Provisions outlining the amount of marijuana an adult can legally possess, if adults can grow their own marijuana plants and how the tax revenue is spent vary from state to state.

    Colorado – legalization measure approved November 2012

     

    Adults over the age of 21 in Colorado can possess and give away up to an ounce of marijuana and grow up to six plants each, though residences are limited to 12 plants total no matter how many people live there. Using marijuana in public is illegal.

    Retail purchases at licensed dispensaries are subject to standard sales tax, plus an additional 10% marijuana sales tax. A 15% excise tax is applied to the wholesale price of retail marijuana – that is, the price that businesses pay cultivators.

    Washington – legalization measure approved November 2012

     

    In Washington, adults over 21 can buy and possess up to an ounce of marijuana, 16 ounces of marijuana-infused edibles in solid form, 72 ounces of marijuana-infused liquid products, and 7 grams of marijuana concentrates. It’s illegal to consume marijuana in public, and recreational users can’t grow the plants at home.

    Retail sales are legal at licensed dispensaries and there is a 37% excise tax on those sales.

    Alaska – legalization measure approved November 2014

     

    Alaskan adults over the age of 21 can possess and give away up to an ounce of marijuana and can grow up to six marijuana plants, though only three of those plants can be mature. It’s illegal to consume the drug in public.

    Retail sales are legal at licensed dispensaries. The state levies an excise tax on the drug that the cultivator is responsible for paying.

    Oregon – legalization measure approved November 2014

     

    Adults in Oregon who are over 21 years old can possess up to an ounce of marijuana if they are in public and up to 8 ounces at home. Adults can also have up to 16 ounces of a marijuana product if it is in solid form, like an edible, or up to 72 ounces of a marijuana product in liquid form. Adults can grow up to four cannabis plants. It’s illegal in Oregon to use marijuana in a public place.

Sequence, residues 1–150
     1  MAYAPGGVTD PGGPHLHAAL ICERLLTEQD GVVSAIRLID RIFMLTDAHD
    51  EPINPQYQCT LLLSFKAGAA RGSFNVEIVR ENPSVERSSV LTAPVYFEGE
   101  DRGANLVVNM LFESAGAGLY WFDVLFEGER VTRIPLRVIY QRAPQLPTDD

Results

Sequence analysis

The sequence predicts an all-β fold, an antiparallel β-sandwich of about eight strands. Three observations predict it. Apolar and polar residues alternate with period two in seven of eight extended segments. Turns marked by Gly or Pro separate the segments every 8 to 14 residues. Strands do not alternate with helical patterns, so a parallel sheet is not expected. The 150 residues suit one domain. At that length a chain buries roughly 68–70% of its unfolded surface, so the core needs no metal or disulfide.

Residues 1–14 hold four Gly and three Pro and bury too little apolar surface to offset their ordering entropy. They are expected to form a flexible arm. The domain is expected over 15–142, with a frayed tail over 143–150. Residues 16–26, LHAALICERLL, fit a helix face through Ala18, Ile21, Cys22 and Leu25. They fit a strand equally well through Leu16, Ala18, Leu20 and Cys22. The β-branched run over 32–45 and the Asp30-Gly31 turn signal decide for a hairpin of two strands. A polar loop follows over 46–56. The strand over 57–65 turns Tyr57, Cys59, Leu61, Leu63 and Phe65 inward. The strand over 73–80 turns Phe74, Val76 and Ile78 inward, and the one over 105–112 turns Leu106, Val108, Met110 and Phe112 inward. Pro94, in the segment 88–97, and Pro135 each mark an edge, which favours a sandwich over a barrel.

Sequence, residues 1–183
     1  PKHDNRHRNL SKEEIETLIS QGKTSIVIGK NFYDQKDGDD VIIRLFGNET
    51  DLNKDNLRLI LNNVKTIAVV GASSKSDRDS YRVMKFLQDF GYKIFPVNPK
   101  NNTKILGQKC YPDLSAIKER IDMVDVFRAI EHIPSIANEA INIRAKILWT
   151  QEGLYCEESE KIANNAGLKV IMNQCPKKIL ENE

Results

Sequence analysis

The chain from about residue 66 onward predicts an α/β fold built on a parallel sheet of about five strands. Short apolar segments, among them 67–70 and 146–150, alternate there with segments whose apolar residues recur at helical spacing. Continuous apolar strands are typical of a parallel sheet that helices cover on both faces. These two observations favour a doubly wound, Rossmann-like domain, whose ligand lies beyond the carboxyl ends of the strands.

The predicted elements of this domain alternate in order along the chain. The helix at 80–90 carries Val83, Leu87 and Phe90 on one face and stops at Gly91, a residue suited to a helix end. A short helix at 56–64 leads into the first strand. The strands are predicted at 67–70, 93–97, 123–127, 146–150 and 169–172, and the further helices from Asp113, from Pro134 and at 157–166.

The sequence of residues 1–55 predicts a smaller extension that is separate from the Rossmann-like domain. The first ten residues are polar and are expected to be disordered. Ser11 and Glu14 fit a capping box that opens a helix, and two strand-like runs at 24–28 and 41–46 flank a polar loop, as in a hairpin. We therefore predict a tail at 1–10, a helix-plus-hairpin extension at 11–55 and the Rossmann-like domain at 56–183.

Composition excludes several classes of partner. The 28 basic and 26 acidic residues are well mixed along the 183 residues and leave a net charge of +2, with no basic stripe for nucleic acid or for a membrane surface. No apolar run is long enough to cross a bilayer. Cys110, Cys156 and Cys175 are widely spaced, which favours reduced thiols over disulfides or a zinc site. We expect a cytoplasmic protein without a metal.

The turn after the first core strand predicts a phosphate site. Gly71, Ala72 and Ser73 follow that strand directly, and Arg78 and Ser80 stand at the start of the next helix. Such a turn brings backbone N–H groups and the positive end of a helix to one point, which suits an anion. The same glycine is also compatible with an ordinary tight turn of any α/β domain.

Marijuana retail sales are legal at licensed dispensaries and taxed at 17%, and cities and counties can add up to an additional 3% tax in some cases.

    Washington, D.C. – legalization measure approved November 2014

     

    It is legal for adults over 21 to possess up to 2 ounces of marijuana and to give up to 1 ounce of marijuana to another person. Adults can also grow up to six marijuana plants, three of which can be mature.

    Recreational cannabis sales are not legal in D.C., as Congressional Republicans have consistently included language in appropriations bills that prevents the District from establishing an independent regulatory board. Without licensed retailers, D.C.’s adult-use marijuana trade relies on gifting services.

    California – legalization measure approved November 2016

     

    It is legal in California for an adult over 21 to possess, purchase or give away up to an ounce of cannabis and as much as 8 grams of concentrated cannabis. Adults can also cultivate up to six live cannabis plants. Smoking or ingesting marijuana is illegal in public places, as is using the drug while in a car.

    Retail sales of cannabis at licensed dispensaries are subject to standard state sales tax and an excise tax of 15%. Local governments may also enact additional taxes on cannabis businesses.

    Maine – legalization measure approved November 2016

     

    People over 21 in Maine can use and possess up to 2.5 ounces of marijuana and grow up to six flowering and 12 immature marijuana plants.

    A regulated retail market became operational in October 2020, though several owners saw limited product supplies. Maine imposes a 15% excise tax and a 10% sales tax on marijuana.

    Massachusetts – legalization measure approved November 2016

     

    Adults over 21 in Massachusetts can have up to an ounce of marijuana on their person and up to 10 ounces at home. Home cultivation is also permitted: Residents can grow up to six plants per person and up to 12 plants in a household of two or more people.

    Sales are legal at licensed dispensaries. Sales are subject to standard state sales tax, as well as a state excise tax of 10.75%. Towns and cities can also levy up to a 3% tax on marijuana sales.